In the world of inner-city living, the bathroom is one of the most neglected rooms in the house. Lack of space often means that bathing facilities are squeezed into a corner with only room for the most rudimentary of fixtures.

Sydney’s rental accommodation provides quite amusing and sometimes distressing solutions to accommodating the bathroom. I’ve seen the smallest bathrooms imaginable. My girlfriend once inspected a house where the shower was over the top of the toilet, which might make for early morning efficiency, but isn’t particularly pleasant when you need to use the loo after someone has just had a shower. A lot of inner city living is based on making do, but if you have the luxury of renovating to suit your needs, then a little thought can make a functional and attractive bathroom possible in even the smallest of apartments.

Who doesn’t love a great big bathtub? What a shame the bath is often put last on the bathroom wish list in new apartments! It’s true that baths take up a fair bit of space, but sometimes you really need a soak and the shower just doesn’t cut it. Anyway, it’s a waste of water to spend 30 minutes in the shower. Fill up your bath and you can stay in there as long as you want -“ even share the water with people you trust.

Another space-saving idea is to put your shower over the bath. This is a very common way of saving space in bathrooms and it’s been around for years. Some people don’t like stepping into a bathtub to shower, and it can be dangerous for less able people, but if it’s a choice between this or no bathtub at all, I think it’s preferable.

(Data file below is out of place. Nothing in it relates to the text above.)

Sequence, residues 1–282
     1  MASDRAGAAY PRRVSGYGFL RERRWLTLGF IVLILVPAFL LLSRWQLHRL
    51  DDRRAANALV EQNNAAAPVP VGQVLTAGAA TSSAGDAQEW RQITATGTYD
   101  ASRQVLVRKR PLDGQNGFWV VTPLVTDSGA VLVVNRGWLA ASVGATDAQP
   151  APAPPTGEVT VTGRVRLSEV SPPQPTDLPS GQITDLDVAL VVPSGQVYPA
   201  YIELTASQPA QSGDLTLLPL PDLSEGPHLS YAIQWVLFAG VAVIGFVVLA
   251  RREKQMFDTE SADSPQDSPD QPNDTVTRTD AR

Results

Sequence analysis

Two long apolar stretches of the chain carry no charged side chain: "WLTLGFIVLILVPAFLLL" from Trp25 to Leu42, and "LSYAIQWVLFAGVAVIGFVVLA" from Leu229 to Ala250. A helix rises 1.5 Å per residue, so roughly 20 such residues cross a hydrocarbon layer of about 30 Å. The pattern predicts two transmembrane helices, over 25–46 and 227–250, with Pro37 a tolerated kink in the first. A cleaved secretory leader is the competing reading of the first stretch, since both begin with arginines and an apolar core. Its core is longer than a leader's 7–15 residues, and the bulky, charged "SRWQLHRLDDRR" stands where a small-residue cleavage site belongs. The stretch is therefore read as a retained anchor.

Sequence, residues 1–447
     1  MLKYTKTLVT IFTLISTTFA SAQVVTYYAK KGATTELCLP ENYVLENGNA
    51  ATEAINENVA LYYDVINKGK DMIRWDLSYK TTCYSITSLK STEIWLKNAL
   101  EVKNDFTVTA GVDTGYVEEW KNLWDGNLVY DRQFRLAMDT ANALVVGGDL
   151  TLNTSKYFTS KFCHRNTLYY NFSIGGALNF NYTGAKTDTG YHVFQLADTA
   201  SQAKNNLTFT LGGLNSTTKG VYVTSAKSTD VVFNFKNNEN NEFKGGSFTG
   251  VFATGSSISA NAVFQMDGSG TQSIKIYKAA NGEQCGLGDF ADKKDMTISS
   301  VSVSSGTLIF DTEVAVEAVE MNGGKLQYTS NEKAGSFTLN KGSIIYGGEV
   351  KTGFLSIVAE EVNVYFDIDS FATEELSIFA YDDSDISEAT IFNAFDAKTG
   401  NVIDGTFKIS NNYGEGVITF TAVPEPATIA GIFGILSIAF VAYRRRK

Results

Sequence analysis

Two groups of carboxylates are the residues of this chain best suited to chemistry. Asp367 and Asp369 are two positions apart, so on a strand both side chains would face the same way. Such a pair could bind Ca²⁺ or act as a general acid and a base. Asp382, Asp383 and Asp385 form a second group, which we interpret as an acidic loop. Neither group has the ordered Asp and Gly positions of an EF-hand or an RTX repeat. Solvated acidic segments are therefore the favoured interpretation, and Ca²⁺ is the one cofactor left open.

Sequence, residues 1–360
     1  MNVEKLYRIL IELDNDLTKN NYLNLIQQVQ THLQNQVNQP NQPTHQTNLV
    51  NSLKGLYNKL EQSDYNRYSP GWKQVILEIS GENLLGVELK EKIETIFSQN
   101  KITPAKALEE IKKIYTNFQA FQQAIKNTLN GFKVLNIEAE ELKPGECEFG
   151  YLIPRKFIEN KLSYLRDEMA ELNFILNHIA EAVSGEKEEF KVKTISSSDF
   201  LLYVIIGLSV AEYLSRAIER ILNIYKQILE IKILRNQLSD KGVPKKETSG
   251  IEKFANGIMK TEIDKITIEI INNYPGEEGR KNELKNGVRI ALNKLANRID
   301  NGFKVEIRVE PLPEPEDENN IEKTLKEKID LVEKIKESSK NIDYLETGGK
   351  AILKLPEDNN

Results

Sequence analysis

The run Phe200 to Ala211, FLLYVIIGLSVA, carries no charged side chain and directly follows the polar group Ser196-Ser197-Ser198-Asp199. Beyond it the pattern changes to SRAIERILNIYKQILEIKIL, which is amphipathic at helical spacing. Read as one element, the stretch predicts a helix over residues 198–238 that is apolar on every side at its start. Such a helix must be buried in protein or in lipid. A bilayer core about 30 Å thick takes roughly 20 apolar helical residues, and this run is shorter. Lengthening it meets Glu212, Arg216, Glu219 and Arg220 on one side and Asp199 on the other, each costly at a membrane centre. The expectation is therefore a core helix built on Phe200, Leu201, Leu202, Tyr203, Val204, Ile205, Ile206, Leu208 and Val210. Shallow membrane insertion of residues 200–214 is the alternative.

There has definitely been a trend towards industrial/institutional chic in bathrooms lately. I don’t know who first put a hospital-style hand basin in a domestic bathroom, but the idea has really caught on. They are standard issue in many new apartment developments. I personally have a problem with the excessive use of these as they are generally oversized and their shape and volume means that you need a relatively high quantity of water to fill the bowl. They are not the most space-efficient choice of hand basin and have fad written all over them. Definitely not the evergreen of bathroom fixtures.

Another fixture better avoided is the freestanding claw-foot bath. Some people love the old world charm of this type of bath, but the joy is quickly eroded by the additional cleaning required. Modern bathrooms tend towards the integration of all fixtures to minimise visible pipework and simplify cleaning, and I reckon this is the way to go. Semi-recessed basins, concealed cistern WC pans and inset baths with easy-clean benchtops and tiles all make life easier.

Efficient storage is also the key to making your small bathroom work. There’s nothing worse than bathroom clutter which tends to attract soap scum and mould. Modern narrow mirrored cabinets above your hand basin are a sensible way of hiding storage away.

There are many ways to make your bathroom work better. Check out some bathroom magazines for more ideas, and remember, even inner-city residents deserve a sexy bathroom.

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